Afrikaner

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Afrikaners
Kruger old age.jpg
Rupert-Johann-2004.jpg
JBM Hertzog.jpg
Minki van der Westhuizen.jpg
Karen Zoid in 2009 (cropped).jpg
J.M. Coetzee.JPG
André Brink Portrait.jpg
Charlize Theron WonderCon 2012 (Straighten Crop).jpg
Christiaan Barnard.jpg
Total population
3–4 million
Regions with significant populations
 South Africa2,710,461[1][2]
 Namibia100,000–150,000
[citation needed]
 United Kingdom100,000[citation needed]
 Botswana6,400[citation needed]
 Zimbabwe5,000[citation needed]
Languages
First language
Afrikaans
Second or third language
Religion
Protestantism (Calvinism)
Related ethnic groups
 
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Afrikaners
Kruger old age.jpg
Rupert-Johann-2004.jpg
JBM Hertzog.jpg
Minki van der Westhuizen.jpg
Karen Zoid in 2009 (cropped).jpg
J.M. Coetzee.JPG
André Brink Portrait.jpg
Charlize Theron WonderCon 2012 (Straighten Crop).jpg
Christiaan Barnard.jpg
Total population
3–4 million
Regions with significant populations
 South Africa2,710,461[1][2]
 Namibia100,000–150,000
[citation needed]
 United Kingdom100,000[citation needed]
 Botswana6,400[citation needed]
 Zimbabwe5,000[citation needed]
Languages
First language
Afrikaans
Second or third language
Religion
Protestantism (Calvinism)
Related ethnic groups

Afrikaners (including the Boer subgroup)[3] are an ethnic group descended from Dutch settlers and other ethnic groups living in Southern Africa whose native tongue is Afrikaans; a Germanic language developed in Africa which derives primarily from 17th century Dutch.[4][5] In South Africa, they constitute approximately 5% of the total population.[1]

History[edit]

Settlers[edit]

Romanticised painting of the arrival of Jan van Riebeeck

The term Afrikaner as used in the 20th and 21st century refers to a specific South African ethnic group that is Afrikaans-speaking, i.e. those of the larger Cape Dutch origin and of the smaller Boer origin, who are descended from European settlers who first arrived in the Cape of Good Hope during the period of administration (1652 – 1795) by the Dutch East India Company (Verenigde Oostindische Compagnie or VOC).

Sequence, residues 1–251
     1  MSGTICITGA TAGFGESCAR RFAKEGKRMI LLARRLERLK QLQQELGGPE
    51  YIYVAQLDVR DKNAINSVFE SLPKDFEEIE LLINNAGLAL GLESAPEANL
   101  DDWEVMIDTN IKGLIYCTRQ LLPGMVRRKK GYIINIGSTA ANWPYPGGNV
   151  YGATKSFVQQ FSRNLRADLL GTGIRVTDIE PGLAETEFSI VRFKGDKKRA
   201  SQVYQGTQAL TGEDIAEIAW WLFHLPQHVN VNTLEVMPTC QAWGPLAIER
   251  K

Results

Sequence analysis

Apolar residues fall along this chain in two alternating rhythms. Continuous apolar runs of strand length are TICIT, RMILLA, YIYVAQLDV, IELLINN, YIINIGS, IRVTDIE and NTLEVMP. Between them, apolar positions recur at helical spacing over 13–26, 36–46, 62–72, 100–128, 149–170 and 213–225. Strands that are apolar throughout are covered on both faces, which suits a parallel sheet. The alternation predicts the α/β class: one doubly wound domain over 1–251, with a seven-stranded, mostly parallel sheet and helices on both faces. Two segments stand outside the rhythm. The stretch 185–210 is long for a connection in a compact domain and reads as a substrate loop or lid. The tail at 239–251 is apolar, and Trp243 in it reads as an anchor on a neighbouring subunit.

The Dutch who first settled at the Cape in 1652 established a geographically limited refreshment station for the Dutch East India Company; originally, the Company was not interested in establishing a permanent settlement. However, in order to ensure the viability of the refreshment station, some employees of the Company were freed from their contracts (so-called vrijburgers or free citizens) and allowed to farm. Over time, the boundaries of the colony expanded. The arrival in 1688 of some French Huguenot refugees, who had fled to the Dutch colony to escape Roman Catholic religious persecution following the revocation of the Edict of Nantes, increased the number of settlers. Some of the later colonists, such as German missionaries in the employ of the Company, and settlers from other parts of Europe (e.g. Scandinavia, Ireland and Scotland) were also incorporated into what became the Boers (Farmers) and Cape Dutch.

Many of the children born to European fathers, who had settled at the Cape in the 1650-1670s, had slave mothers: "three-quarters of children born to slave mothers had white fathers, during the first 20 years of European settlement".[6]

The first person recorded to have identified himself as an Afrikaner was Hendrik Biebouw, who, in March 1707, stated, "ik ben een Afrikaander" ("I am an African"). Biebouw was resisting his expulsion from the Cape Colony, as ordered by the magistrate of Stellenbosch. He was banished and sent to Batavia.[7]:22 The term shows the individual's first loyalty and a sense of belonging to the territory of modern South Africa, rather than to any ancestral homeland in Europe. In January 1902, Sir Arthur Conan Doyle used the word Africanders in referring to the Dutch settler expansion northwards from the Cape.[8]